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Calvin Klein Collections Say Hello to Dubai

Calvin Klein Inc. is on the road again.

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DUBAI — Calvin Klein Inc. is on the road again.

The fashion house last week held its first event in Dubai to introduce the spring collections of ck Calvin Klein and Calvin Klein. The event is part of the brand’s continuing series of international installations, which in the past have been held in Tokyo, Shanghai, Beijing and London.

More than 300 guests were invited to the lifestyle installation by Kevin Carrigan, the creative director of ck Calvin Klein and Calvin Klein Jeans, and Tom Murry, president and chief operating officer of Calvin Klein Inc., at the Four Seasons Golf Club. The club’s lounge was transformed into a gallerylike installation featuring 15 live models who were elevated on steel pedestals and enclosed in transparent Plexiglas columnar displays, giving the event a futuristic feel.

The minimalist installation was in unique contrast in a city known for its opulence and penchant for over-the-top design. “There is an appreciation of diversity and different styles here. Dubai wants to be perceived as an ultramodern city, as a city of the future. There is an understanding here between opulence and minimalism,” said Carrigan.

The brands featured in the show included ck Calvin Klein apparel, accessories, footwear, watches and jewelry; Calvin Klein Jeans apparel and accessories, and Calvin Klein underwear and eyewear. Some of the accessories and underwear were displayed on mini glistening sand dunes within the columnar installations, while others were worn by the models.

Calvin Klein fragrances launched the new Euphoria Intense scent and the new ck Calvin Klein line of color cosmetics, due to be launched in the region this month at the Debenhams department store in the Mall of the Emirates and previewed on the female models. In addition, the ck Calvin Klein men’s and women’s footwear offering was previewed in advance of the line’s arrival at retail for the first time in the United Arab Emirates this fall.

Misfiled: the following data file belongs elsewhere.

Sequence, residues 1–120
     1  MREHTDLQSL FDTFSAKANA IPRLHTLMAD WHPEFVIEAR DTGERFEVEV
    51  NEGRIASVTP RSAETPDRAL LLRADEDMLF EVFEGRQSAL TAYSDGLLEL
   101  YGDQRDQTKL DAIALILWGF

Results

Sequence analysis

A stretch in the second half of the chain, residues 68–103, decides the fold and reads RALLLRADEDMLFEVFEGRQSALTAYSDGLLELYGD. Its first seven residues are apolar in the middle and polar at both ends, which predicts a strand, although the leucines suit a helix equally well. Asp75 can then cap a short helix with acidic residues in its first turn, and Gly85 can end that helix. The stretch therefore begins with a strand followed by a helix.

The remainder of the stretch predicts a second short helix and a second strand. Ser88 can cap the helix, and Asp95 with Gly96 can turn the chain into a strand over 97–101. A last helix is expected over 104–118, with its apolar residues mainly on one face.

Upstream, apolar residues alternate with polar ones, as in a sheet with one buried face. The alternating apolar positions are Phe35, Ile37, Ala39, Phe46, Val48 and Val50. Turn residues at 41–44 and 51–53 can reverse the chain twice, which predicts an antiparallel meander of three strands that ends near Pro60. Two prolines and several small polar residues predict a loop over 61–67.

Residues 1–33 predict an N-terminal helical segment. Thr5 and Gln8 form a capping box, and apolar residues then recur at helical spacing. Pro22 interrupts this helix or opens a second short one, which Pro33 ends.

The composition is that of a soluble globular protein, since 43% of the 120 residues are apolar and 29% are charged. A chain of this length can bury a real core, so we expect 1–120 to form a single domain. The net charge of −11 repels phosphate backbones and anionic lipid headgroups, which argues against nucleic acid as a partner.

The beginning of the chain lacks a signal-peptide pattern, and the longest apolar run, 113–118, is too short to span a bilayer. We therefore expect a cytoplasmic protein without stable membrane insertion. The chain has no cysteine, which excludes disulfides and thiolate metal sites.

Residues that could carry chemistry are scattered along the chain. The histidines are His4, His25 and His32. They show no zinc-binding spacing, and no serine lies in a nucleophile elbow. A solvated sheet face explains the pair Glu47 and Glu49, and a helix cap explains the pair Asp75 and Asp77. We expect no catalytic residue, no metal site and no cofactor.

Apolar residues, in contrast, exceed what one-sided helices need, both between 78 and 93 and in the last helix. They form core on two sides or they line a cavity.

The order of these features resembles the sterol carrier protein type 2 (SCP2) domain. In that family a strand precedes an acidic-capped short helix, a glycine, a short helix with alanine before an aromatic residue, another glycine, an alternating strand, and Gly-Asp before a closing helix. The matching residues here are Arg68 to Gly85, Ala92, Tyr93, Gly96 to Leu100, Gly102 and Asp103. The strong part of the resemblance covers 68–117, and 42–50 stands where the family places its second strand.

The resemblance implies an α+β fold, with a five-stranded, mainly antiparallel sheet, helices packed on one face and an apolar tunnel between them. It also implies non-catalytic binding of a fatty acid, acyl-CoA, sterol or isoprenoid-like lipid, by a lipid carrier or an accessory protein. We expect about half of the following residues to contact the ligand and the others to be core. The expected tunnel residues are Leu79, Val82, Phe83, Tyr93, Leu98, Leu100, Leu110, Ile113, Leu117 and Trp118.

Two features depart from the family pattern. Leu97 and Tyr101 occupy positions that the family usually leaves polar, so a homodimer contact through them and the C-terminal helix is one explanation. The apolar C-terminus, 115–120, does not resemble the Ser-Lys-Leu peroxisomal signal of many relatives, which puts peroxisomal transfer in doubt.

The event was attended by a number of celebrities and members of Dubai society, including Middle Eastern singer Diana Haddad; model Jelena Jakovljevic Bin Drai; Mohi-din Binhendi, president of BinHendi Enterprises; Lebanese designer Walid Atala, and film director Nahla Al Fahad.

Calvin Klein has had a presence in the Dubai market for several years. However, the recent boom in the region’s infrastructure, economy, population and tourism has attracted many major fashion houses.

Murry said Dubai is a natural destination for the brand. “There is so much growth in the region and the nucleus of that is in Dubai.”

There are 18 freestanding stores in the Middle East, nine of which are in Dubai. The Calvin Klein brand is growing market share seasonally in the region. The Middle East represented approximately $50 million in retail sales last year. The company’s total sales for 2007 were $5.4 billion.

A new Calvin Klein Collection store will open at the Dubai Mall early this fall. Murry commented that, for an emerging market with a small population, the company does a high amount of Collection sales, reflecting the spending power in the Middle East.

Though the perception of the Middle Eastern consumer may be conservative, according to Murry, the company by and large has the same product mix in the region as it does in Europe. But Carrigan explained that there are regional modifications to the garments. “We do have to take into account climate, body fit and color. I’ll take the same sketch and make modifications for different markets.”

An area where the company is sensitive to the conservative nature of Middle Eastern society is in the display of their product. “We can’t always use the same ad images that we do in other markets in this part of the world,” said Murry.

Local operators of Calvin Klein Underwear stores have sometimes faced fines if window displays were deemed too risqué. There seem to be no steadfast rules for what is allowed and what isn’t, leaving retailers to tread a fine line of cultural sensitivity.

This was the case at Thursday’s exhibit, where underwear was not actually worn by the models, but artfully displayed on piles of sand.

photos by Nick Haig and Sares el-jammal

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